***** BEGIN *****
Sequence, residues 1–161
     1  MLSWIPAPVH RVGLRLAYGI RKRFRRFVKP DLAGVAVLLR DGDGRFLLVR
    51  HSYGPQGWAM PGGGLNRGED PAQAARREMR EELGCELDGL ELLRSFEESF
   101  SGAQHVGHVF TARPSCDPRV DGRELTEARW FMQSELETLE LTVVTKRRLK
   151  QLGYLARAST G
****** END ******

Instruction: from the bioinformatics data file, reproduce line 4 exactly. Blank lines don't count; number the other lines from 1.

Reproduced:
   101  SGAQHVGHVF TARPSCDPRV DGRELTEARW FMQSELETLE LTVVTKRRLK